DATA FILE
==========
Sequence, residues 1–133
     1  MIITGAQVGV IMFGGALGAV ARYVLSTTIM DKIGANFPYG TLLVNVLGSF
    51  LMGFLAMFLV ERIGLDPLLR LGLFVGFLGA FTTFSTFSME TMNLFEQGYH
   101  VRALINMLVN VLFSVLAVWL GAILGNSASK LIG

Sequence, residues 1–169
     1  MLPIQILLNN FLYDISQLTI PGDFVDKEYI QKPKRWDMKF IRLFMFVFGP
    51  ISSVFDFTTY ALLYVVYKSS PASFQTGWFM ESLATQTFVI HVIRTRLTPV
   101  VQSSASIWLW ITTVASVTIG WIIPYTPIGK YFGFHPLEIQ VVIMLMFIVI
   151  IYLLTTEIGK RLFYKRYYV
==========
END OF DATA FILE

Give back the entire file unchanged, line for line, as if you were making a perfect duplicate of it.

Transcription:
Sequence, residues 1–133
     1  MIITGAQVGV IMFGGALGAV ARYVLSTTIM DKIGANFPYG TLLVNVLGSF
    51  LMGFLAMFLV ERIGLDPLLR LGLFVGFLGA FTTFSTFSME TMNLFEQGYH
   101  VRALINMLVN VLFSVLAVWL GAILGNSASK LIG

Sequence, residues 1–169
     1  MLPIQILLNN FLYDISQLTI PGDFVDKEYI QKPKRWDMKF IRLFMFVFGP
    51  ISSVFDFTTY ALLYVVYKSS PASFQTGWFM ESLATQTFVI HVIRTRLTPV
   101  VQSSASIWLW ITTVASVTIG WIIPYTPIGK YFGFHPLEIQ VVIMLMFIVI
   151  IYLLTTEIGK RLFYKRYYV